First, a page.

Publishers Weekly - Publisher's WeeklyAmong the biggest baseball news of 1994 was the retirement in midseason of Sandberg, who had been the Chicago Cubs second baseman since 1982. In his exceptional career, he was named the league's MVP in 1984, played in 10 All-Star games and won nine Gold Gloves. A star on the field, he was also admired as an individual. Movie-star handsome, shy and self-effacing, he stresses in his memoir that he concentrated on becoming a better player, with the goal of contributing to his team's success rather than compiling impressive personal statistics or squeezing more money out of management, although he made lots. He is a kindly judge of all with whom he came in contact-except Larry Himes, the management figure who, in his view, wrecked the Cubs in the early 1990s with injudicious firings and trades. With Rozner, a reporter for the Arlington Heights, Ill., Daily Herald, he explains that he quit-and passed up $15 million-because he no longer had any competitive fire. An interesting look at an admirable player of a major sport. Photos not seen by PW. (Apr.)
Wes LukowskyRyne Sandberg, the Chicago Cub second baseman who retired in midseason last year, is certain to be elected to baseball's Hall of Fame as soon as he's eligible. For all his talent afield, though, Sandberg had no ability to self-promote and no visible personality. In fact, he was so quiet and shy, he was almost invisible. Now, in this standard sports autobiography, he "tells all." It's a routine then-we-played account until we get to the last few years of Sandberg's career, when Larry Himes took over as the Cubs' general manager. Sandberg goes to great lengths to catalog Himes' gaffes, from dumb player acquisitions and strange trades through miscommunications, deliberate and otherwise. Each incident played a role in triggering Sandberg's unexpected retirement. The game wasn't fun, the Cubs were losing, and Sandberg didn't care anymore. End of story. Like Sandberg himself, this is a sincere if bland tale of sports success and disenchantment. For collections where baseball interest is high.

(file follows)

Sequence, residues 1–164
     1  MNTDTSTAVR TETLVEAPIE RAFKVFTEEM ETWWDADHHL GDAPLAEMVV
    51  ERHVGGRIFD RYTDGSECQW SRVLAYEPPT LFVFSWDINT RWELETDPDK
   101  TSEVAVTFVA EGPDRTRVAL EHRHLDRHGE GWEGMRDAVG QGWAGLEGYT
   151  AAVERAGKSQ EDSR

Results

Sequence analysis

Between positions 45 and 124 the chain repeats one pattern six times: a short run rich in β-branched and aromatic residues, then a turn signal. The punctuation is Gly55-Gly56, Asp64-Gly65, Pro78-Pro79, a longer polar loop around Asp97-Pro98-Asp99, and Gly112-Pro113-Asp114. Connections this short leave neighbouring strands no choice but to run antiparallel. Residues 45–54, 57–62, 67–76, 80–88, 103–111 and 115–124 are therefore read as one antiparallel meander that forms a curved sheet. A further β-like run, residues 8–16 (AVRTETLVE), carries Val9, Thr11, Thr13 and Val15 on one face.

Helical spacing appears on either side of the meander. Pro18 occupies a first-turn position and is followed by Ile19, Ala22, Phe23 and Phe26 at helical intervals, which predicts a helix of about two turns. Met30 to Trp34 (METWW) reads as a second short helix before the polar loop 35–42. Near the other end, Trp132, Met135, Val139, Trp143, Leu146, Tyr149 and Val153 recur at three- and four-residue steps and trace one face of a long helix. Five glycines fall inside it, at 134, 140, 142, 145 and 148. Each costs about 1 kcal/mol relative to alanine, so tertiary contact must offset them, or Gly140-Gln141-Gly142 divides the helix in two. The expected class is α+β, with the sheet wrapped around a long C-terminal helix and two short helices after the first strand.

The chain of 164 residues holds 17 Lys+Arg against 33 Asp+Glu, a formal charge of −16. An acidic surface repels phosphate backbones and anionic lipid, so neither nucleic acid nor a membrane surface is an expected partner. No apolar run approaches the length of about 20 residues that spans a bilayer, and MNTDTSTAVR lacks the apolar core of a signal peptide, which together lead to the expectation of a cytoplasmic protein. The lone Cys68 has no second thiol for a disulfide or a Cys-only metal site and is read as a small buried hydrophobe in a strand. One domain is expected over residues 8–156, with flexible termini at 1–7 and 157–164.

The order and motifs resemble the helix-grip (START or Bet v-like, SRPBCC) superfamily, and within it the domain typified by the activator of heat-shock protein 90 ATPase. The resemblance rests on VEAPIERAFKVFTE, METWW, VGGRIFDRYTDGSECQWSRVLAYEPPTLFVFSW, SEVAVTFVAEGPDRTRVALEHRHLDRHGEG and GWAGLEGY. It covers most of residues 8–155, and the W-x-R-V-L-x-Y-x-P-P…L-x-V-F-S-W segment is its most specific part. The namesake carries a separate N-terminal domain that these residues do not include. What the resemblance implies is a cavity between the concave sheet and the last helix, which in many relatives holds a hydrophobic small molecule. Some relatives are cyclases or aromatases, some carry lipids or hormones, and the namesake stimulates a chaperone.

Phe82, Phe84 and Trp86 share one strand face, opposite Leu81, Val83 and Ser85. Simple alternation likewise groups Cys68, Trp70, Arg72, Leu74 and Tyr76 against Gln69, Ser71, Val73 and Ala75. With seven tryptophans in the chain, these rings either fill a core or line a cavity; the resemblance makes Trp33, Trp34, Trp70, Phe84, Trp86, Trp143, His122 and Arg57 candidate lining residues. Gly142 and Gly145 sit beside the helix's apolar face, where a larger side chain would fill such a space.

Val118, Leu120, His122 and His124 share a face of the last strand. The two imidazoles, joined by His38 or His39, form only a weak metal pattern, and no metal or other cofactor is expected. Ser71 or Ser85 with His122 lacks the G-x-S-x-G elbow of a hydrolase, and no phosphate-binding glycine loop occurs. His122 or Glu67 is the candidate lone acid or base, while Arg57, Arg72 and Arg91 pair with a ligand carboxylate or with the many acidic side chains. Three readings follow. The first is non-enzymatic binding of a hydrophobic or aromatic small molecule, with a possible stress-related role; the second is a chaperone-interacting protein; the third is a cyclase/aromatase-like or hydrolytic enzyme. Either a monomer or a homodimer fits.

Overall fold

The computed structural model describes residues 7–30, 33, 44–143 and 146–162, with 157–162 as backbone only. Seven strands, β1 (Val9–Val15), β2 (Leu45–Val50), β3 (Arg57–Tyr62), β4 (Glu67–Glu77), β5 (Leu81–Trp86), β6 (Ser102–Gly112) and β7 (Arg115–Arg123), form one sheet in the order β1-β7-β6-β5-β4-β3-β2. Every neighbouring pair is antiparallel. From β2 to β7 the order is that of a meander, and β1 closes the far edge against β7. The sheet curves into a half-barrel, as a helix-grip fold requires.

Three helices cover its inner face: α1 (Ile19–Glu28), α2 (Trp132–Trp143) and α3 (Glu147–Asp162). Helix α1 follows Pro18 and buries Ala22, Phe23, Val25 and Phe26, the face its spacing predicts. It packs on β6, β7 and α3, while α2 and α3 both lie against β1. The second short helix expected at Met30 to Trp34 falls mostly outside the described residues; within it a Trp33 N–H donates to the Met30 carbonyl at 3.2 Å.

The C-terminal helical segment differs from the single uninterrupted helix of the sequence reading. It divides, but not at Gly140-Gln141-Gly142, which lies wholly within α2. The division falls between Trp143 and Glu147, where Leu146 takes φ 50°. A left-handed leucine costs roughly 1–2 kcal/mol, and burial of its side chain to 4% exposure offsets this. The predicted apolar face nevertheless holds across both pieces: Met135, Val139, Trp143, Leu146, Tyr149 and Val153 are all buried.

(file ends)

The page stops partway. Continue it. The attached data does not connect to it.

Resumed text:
- Bonus Books, Inc.
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- 6.30(w) x 9.27(h) x 1.16(d)
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Second to Home based on 0 ratings. 3 reviews.
This is a great book. It not only gives you a great look at Sandberg (one of the greatest second basemen ever) but it also gives you a great look at how the Cubs organization was while he was playing there.
As a die-hard Cub fan, I was devastated when Ryno quit baseball and I was even resentful. After reading the book, I understood my hero's reason for leaving the game. This is such a well-written book that gave me chills when Sandberg recounted the Cub's '84 and '89 seasons. His recounts of his friends and teammates were fantastic. His explanations for the shortcomings of the team were descriptive and he held back no punches. As a Cub fan and a clubhouse manager in the Cub's organization, I recommend this book to everyone to be able to get an insight on what baseball can really be like from the way a team works together to the way a front office can affect the way a team plays. After reading this book, many things have become clearer to me.